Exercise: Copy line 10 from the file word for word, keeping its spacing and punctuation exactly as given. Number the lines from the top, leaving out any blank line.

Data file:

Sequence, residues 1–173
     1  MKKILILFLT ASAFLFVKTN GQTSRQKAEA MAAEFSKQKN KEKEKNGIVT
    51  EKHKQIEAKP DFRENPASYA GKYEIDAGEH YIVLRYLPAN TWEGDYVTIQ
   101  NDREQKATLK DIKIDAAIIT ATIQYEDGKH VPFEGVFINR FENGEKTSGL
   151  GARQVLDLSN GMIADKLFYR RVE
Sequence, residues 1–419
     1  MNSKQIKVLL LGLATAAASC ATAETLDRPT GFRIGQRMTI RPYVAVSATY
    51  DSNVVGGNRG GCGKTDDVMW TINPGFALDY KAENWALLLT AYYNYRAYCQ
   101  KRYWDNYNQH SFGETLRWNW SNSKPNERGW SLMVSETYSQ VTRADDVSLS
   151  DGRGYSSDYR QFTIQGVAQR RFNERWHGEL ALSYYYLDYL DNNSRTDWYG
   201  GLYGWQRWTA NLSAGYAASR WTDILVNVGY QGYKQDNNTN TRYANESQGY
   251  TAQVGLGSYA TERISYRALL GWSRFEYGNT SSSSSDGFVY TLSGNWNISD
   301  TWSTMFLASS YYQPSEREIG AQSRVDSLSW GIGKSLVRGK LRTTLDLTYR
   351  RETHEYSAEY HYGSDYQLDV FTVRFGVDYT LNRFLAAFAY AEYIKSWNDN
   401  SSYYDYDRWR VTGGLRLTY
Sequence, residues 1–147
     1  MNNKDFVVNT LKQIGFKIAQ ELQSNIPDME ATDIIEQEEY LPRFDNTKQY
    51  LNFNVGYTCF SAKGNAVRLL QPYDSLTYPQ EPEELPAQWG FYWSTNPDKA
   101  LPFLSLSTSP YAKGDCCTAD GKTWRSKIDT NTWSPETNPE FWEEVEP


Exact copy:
   151  DGRGYSSDYR QFTIQGVAQR RFNERWHGEL ALSYYYLDYL DNNSRTDWYG